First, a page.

Wednesday, March 01, 2017

Laws mean nothing unless they are enforced

Why is our environment degrading? One of the reasons is that our compliance and enforcement of environmental law is a bit shit:

Agencies tasked with enforcing environmental laws are "chronically under-resourced" and struggle to do the job effectively, according to new research.

Research by the Environmental Defence Society (EDS) released on Tuesday found widespread problems with the enforcement of New Zealand's environment laws, particularly within agencies such as the Department of Conservation (DOC) and district and regional councils.

Compliance, monitoring and enforcement (CME) work was the "poor cousin" of the policy and planning cycle, it said, and routinely under-resourced.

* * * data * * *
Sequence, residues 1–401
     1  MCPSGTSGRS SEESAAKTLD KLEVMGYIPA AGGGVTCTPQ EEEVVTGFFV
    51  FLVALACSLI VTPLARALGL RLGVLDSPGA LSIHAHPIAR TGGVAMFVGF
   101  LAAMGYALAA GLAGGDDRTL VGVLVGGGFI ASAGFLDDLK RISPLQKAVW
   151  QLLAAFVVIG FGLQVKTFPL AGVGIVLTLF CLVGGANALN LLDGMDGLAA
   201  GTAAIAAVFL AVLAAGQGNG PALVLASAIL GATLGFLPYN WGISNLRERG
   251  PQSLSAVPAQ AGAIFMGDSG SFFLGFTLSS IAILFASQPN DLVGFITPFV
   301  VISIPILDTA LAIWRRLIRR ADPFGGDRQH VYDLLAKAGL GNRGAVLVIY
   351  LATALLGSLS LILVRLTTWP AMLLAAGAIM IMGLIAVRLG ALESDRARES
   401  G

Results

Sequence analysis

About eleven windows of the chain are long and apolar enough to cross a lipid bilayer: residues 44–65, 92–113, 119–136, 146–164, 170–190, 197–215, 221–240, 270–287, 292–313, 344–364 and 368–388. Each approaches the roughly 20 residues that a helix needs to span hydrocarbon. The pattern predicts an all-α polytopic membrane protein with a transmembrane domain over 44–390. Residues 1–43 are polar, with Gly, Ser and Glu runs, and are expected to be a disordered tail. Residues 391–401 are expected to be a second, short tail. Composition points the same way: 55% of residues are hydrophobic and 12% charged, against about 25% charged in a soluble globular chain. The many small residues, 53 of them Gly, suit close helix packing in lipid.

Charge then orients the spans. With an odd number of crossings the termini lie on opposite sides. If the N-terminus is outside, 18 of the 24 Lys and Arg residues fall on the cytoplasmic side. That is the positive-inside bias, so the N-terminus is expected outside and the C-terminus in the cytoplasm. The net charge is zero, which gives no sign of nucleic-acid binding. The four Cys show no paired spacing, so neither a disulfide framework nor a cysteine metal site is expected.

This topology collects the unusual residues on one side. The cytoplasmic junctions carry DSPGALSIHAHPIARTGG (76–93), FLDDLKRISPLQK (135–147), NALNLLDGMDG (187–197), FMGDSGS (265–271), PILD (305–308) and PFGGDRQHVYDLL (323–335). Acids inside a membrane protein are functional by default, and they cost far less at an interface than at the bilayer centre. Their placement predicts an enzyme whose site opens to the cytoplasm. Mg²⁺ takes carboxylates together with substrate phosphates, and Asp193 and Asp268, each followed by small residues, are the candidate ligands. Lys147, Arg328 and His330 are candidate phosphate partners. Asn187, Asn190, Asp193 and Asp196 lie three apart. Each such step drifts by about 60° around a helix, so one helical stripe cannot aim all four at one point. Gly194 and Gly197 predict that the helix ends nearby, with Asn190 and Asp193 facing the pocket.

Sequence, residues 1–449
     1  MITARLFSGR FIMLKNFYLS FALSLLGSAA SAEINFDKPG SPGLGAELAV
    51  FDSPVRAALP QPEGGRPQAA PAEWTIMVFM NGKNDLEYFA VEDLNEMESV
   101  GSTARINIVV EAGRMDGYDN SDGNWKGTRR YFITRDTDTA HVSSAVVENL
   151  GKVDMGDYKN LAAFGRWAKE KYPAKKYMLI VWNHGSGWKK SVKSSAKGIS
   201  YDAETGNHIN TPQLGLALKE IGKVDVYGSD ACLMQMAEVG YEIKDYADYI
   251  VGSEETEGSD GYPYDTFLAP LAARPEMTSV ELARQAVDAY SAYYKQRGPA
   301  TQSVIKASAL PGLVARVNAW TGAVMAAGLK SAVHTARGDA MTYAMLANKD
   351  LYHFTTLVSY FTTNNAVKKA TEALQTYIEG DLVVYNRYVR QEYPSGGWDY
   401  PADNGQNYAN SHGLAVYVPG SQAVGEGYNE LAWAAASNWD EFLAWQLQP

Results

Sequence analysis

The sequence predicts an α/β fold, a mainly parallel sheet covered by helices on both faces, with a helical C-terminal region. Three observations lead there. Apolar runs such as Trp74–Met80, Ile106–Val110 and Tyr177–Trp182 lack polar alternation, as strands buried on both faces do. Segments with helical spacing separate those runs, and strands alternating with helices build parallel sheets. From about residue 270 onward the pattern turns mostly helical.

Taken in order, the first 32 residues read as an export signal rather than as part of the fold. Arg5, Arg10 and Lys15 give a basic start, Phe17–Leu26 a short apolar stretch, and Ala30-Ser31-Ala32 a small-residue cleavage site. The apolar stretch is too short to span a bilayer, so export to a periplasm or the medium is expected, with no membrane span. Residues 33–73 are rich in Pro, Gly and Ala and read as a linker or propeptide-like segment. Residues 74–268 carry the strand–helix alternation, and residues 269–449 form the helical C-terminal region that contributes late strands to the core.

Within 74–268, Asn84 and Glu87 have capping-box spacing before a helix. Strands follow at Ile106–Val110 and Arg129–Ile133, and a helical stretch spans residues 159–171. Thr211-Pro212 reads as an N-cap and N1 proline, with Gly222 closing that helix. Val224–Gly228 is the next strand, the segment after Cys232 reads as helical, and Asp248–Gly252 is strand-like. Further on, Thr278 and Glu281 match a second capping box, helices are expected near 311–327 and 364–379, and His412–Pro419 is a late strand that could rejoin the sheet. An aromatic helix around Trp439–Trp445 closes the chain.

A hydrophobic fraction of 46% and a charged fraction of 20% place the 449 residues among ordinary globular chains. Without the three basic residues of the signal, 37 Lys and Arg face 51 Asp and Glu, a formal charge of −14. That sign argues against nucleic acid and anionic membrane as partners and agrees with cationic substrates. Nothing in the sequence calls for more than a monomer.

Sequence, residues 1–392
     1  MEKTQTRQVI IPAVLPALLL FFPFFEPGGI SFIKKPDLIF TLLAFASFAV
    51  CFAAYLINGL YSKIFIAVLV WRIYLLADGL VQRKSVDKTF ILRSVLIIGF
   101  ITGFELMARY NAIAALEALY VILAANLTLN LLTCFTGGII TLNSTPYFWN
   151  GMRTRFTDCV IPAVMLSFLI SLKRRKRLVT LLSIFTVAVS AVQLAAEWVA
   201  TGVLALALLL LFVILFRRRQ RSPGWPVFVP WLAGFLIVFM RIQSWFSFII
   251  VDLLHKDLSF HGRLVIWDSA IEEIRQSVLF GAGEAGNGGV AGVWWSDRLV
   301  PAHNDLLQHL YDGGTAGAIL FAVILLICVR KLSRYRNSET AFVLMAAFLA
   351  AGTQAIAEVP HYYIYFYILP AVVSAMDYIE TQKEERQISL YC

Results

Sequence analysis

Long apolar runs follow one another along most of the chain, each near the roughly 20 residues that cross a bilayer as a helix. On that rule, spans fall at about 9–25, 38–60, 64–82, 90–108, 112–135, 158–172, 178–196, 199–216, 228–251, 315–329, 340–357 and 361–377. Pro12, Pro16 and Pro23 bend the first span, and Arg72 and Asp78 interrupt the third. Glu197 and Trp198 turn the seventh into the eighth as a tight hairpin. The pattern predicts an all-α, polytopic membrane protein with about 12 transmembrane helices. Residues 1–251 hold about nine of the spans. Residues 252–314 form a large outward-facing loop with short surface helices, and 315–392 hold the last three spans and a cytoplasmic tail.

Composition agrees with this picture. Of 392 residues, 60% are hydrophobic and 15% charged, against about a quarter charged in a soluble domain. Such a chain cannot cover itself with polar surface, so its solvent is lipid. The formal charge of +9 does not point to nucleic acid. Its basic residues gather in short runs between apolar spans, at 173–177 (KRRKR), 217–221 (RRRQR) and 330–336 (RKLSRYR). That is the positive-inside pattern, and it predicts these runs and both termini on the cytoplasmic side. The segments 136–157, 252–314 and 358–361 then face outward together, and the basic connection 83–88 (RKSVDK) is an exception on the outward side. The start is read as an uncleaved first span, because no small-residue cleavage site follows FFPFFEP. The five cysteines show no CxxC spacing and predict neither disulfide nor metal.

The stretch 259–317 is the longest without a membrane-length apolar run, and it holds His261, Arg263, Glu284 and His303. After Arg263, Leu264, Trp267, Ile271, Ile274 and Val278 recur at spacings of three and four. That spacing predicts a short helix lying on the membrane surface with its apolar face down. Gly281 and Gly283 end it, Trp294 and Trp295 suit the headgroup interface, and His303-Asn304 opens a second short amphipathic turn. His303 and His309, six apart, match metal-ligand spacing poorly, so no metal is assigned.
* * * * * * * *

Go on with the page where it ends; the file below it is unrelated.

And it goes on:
The resulting impact was poor record-keeping, a lack of staff, limited oversight and political pressures affecting decision-making.

There's plenty of the latter going on in my local council, with the council retaining political control over prosecutions meaning that no-one ever get prosecuted. Throw in an official policy of allowing non-compliance, and of warning before inspections, and the result is no incentive for farmers to obey the law. Which means dirty rivers.

This has to change. Laws mean nothing unless they are enforced. If we want clean, swimmable rivers, the first step is to make our central and local government agencies actually enforce the law against polluters. And if Ministers and councillors don't want them to do that, we should sack them and replace them with people who do.